Your mental, emotional and physical energy is your greatest asset and key to high performance. Being able to manage that asset requires discipline, effort and focus but first and foremost it requires self-awareness. It’s why Billie Jean King said, “self-awareness is probably the most important thing towards being a champion.”
The first step towards making any change, achieving any goal, completing any project is to take stock of where you are now. But when it comes to our own internal thought patterns, emotions and behaviours we often lack that awareness. Below are three exercises to help you not only develop awareness and stay mindful but set the stage for high performance during the day.
by Liz Doyle Harmer
Thoughts happen. Usually without us even being aware of them, often creating emotional reactions or physical stress in our bodies that we only catch later. We notice the after-effects – the anxiety, the stress, the overwhelm, but not the original thought that caused the storm. The first step is awareness of thought.
Try this practice: Commit to a day of noticing your thoughts. This can be overwhelming, so pick a common thought pattern like judgement (comparison and complaining might be others you’d like to try too). Set an intention to notice judgment, by reminding yourself of the power of thoughts to either build you up or tear you down. Every time you notice yourself judging something, “I like this or I don’t like that” or “This is good. That is bad,” simply label your thought “judgment.” Repeat as thoughts come up during the day. The purpose is to begin to notice thoughts without getting carried away by them.
High performers know that their bodies are tools to support their minds. How you carry yourself matters. Round your shoulders, hunch your back and set off a system of neural responses that trigger cortisol, stress and anxiety. Take an open, expansive, confident position and breed the opposite.
Try this practice: Set an alarm to go off in your phone every hour during the day (Mindfulness Bell App by Spotlight Six Software works well). When the alarm goes off, take note of your posture. Notice how you are holding your physical body and also notice what emotions you are currently experiencing. Ask yourself if you are standing in an empowered, confident, position. If not ask yourself what changes you can make in your physical posture to support you.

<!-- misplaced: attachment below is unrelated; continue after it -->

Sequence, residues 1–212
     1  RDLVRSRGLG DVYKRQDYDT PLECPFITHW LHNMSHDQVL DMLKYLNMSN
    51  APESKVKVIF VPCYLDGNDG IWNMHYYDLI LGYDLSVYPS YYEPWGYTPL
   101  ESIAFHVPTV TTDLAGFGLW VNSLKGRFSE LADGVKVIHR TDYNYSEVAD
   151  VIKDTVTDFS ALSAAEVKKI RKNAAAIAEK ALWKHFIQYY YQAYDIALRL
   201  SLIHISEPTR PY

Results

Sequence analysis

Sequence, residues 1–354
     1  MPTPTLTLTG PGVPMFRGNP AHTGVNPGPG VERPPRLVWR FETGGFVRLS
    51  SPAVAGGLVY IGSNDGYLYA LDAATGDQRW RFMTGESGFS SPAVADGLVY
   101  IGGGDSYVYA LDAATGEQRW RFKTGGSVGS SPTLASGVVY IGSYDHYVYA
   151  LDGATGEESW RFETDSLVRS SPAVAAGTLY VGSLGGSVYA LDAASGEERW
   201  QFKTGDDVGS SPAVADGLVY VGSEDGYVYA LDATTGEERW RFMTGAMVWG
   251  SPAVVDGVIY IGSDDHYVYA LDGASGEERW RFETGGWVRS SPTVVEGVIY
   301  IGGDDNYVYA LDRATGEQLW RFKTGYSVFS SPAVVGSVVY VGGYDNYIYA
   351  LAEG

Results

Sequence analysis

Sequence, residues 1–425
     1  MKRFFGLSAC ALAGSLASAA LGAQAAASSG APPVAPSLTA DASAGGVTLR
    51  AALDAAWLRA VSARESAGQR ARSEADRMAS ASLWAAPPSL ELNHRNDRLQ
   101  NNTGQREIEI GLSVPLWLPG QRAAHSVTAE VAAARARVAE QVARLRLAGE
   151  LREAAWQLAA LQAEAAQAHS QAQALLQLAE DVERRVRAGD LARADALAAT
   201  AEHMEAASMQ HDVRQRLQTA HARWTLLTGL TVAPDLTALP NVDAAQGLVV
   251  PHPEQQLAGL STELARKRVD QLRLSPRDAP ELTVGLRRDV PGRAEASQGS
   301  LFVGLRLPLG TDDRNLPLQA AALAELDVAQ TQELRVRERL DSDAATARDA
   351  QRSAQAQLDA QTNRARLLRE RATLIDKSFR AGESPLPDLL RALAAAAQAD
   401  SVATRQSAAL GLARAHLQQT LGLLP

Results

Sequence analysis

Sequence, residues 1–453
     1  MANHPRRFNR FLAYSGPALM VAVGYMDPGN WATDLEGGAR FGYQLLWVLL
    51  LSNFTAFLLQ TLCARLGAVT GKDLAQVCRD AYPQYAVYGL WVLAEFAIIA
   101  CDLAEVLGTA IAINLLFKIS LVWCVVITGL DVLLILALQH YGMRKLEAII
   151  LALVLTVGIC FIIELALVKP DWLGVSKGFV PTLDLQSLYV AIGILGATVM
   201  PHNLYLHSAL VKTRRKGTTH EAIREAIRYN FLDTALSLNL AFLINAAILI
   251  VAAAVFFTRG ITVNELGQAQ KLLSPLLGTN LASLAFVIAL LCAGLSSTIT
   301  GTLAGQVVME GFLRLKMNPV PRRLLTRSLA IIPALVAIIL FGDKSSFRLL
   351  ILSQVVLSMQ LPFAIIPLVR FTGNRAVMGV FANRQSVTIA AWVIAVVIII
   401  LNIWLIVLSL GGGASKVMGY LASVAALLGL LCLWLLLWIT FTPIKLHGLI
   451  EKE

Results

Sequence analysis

It’s normal to experience emotional highs and lows. In fact, people who experience a broader range of emotions (have greater emodiversity) are generally shown to be happier. However, high performers know that their emotional state drastically affects performance and that there are often times when they need to be able to step into an emotional state that differs from the one they are currently in.
Try this Practice: Take stock of the last week. Ask yourself what emotions you experienced. How did you feel? What came up? Now ask yourself is that what you want to feel? If not, what is? Let’s say it’s inspiration. Take a moment to practice that now. Stand tall and breathe into inspiration now. Imagine yourself being inspired and breath into those feelings now. Feel the opening in your body that comes from an inspirational place of being. High performers know that they can’t wait for positive emotions like inspiration to hit them. The more they practice and cultivate inspiration, the more they rewire neural pathways in their brain, creating a positive environment for more inspiration to come.
Liz Doyle Harmer is Co-Owner of Afterglow Health & Fitness Inc, a yoga and fitness studio in the beach neighbourhood of Toronto, offering individual classes, teacher trainings, corporate mindfulness workshops and leadership coaching. For more info: www.afterglowstudio.ca